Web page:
Great theater actors are part acrobat – part Anarchist. They can be savants and saviors and shaman one night – fabulous disasters another. That’s the beauty of theater – you never know what will happen. Theater actors aren’t digital or celluloid images flickering on a 30 foot screen. They’re laughing and sweating and crying about twenty feet from you, in the here and now present moment. There’s audience connectivity like no 3D glasses could ever achieve. Leave Chicago’s Second City improvisational tradition out of it (where the crowd is part of the show itself), actors flat-out know within ten minutes if a crowd is into it or not. Are they getting the gags? Are they locked into the drama? The playwright can sit and watch it happen new every night, never sure what he’s about to see. Actors off, audience off? Actors on, audience off? Actors and audience on? There’s very little you can do as playwright after the writing of it, other than turn the play over to people you would trust with your life to interpret the thing.
Back to August, Osage County and Pulitzer-winning Tracy Letts. How is something lost in translation to screen? Sometimes it can be simple misinterpretation of tone. As a screenwriter, you’re aware before starting a script what genre you’re writing—drama, comedy, action, thriller, etc. Even the sub-genre should be clear: Is it black or broad comedy? The Hangover or Grand Budapest Hotel? Recall the scene in Hangover 2 with the monkey jerking off the Coke bottle. Character responds: “Monkey jerking off Coke bottle—funny in all languages.” Yeah, you know it. And I know Bad Teacher and Horrible Bosses are one movie, while the Coen Brothers, Wes Anderson, and David Lynch are making something else. Those directors bring the black comedy. And it was elements of black comedy that August, Osage Country, the film, was supposed to have.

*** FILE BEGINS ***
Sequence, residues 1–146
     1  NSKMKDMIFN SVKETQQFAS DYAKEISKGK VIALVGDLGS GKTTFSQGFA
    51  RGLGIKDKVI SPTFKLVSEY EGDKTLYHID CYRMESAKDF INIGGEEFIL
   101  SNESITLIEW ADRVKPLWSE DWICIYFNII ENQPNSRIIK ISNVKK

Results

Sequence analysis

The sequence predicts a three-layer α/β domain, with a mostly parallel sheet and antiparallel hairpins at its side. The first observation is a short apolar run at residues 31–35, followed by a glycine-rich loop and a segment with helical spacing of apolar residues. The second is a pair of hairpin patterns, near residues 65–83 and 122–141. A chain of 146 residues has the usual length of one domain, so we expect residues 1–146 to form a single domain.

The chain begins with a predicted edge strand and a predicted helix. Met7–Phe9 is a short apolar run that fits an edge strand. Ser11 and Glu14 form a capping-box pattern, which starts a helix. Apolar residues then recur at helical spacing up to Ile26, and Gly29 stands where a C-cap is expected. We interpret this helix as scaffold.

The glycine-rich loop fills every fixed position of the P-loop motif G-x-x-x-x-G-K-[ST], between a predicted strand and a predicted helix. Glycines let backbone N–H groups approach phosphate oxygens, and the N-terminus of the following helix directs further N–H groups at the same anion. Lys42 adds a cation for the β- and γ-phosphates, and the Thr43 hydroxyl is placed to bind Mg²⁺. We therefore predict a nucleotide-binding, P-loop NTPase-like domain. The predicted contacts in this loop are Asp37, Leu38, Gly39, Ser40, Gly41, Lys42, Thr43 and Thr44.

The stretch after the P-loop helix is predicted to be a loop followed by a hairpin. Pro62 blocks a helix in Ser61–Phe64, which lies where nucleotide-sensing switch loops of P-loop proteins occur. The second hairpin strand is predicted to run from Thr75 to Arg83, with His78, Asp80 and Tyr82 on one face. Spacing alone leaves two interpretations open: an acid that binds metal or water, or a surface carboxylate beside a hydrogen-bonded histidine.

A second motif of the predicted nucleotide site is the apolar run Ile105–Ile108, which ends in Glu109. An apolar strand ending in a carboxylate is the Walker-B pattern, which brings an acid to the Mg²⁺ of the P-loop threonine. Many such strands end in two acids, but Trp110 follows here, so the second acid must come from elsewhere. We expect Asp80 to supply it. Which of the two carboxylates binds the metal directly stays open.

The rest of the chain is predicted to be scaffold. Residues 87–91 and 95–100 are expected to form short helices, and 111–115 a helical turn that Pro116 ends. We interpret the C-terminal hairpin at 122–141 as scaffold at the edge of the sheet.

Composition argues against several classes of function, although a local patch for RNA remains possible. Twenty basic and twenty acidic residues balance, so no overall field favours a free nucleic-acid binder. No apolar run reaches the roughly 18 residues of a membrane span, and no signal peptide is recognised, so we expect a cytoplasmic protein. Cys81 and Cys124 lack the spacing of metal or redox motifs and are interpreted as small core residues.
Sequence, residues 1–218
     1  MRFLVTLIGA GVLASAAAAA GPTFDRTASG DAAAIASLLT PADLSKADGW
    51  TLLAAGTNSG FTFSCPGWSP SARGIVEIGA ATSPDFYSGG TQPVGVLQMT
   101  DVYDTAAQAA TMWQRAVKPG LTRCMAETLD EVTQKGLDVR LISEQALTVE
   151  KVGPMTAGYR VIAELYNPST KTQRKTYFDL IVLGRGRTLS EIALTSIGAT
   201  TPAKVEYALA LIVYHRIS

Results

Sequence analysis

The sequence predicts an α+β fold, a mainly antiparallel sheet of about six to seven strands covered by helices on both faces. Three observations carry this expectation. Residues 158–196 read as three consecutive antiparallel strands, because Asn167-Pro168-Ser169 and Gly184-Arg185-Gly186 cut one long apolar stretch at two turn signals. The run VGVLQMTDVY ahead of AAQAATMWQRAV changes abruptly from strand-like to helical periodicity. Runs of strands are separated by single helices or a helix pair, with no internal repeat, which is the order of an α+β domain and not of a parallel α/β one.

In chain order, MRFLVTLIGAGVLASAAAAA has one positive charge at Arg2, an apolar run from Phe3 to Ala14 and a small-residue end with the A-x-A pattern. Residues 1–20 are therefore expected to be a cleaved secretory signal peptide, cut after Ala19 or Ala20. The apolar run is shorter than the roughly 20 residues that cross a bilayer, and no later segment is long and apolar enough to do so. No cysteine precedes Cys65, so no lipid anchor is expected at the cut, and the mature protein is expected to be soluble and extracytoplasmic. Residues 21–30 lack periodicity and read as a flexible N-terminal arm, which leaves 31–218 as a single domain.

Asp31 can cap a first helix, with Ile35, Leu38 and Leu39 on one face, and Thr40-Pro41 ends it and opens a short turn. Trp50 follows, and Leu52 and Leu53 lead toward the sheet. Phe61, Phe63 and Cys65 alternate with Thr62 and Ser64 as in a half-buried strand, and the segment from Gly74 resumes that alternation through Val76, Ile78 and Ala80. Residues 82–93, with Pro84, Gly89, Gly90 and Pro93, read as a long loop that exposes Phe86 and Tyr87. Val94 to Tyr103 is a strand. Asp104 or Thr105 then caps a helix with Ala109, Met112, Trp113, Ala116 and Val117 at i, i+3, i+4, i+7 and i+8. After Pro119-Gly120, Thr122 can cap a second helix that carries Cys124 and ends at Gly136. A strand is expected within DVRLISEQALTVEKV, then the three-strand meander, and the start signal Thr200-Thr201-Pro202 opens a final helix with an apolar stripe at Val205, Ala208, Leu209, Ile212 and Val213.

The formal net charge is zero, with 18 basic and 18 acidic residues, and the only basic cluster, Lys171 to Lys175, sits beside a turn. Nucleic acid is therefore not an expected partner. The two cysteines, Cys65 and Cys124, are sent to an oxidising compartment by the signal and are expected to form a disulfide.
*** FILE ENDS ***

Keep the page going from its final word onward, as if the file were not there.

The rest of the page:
Again—just personal opinion here – the movie was a root canal. Famous actor upon famous actor one-upping each other, raising the decibel and insanity levels non-stop. A playwright should be in touch with the concept of tension and release. When one scene after another features actors coming into the room screaming—where the hell you gonna go from there? Shit, even The Terminator got that after a ten-minute action sequence with killer futuristic machines causing millions of dollars of wreckage... Your characters gotta gotta gotta crawl off into some quiet space. For five or ten minutes, to recoup their energy, to let the audience catch its breath. With August, Osage it’s suicide, drug addiction, incest, one atop another. Two hours of it? I asked why the hell I was putting myself through this.
Interesting though, the take on it from SFGATE "August: Osage County" was a three-hour play that felt like two hours. It has been made into a two-hour movie that feels like a month.”
The review points to the obvious weeks of previews the Broadway actors had vs. the limited rehearsal of the film actors. More importantly, he points out that it might just be the director’s interpretation that was lacking. “The problem was that director John Wells did not understand the play, or at the very least, he did not make his actors understand the play, even at its most basic level. Here's one little example: The actors onscreen are under the impression that they're in a straight drama, and they're not. They're in a very dark comedy.”
Should your play have the same legs as August, Osage County, you’ll probably have a better than average shot at writing the screenplay. Understand though, that while stagecraft is collaborative, it doesn’t hold a candle to film. The power dynamic moves to the producer and the director. There are so many choices you will never have little to no say over. This goes back to you taking care of business after the damn thing is written in terms of picking your collaborators well. It’s something I’ve written about concerning my own play, A Fire Was Burning Over The Dumpling House One Chinese New Year, which also got turned into the movie, Jane Doe.
Study stage-to-screen adaptations and the process of making them. It’s an education no film school can provide.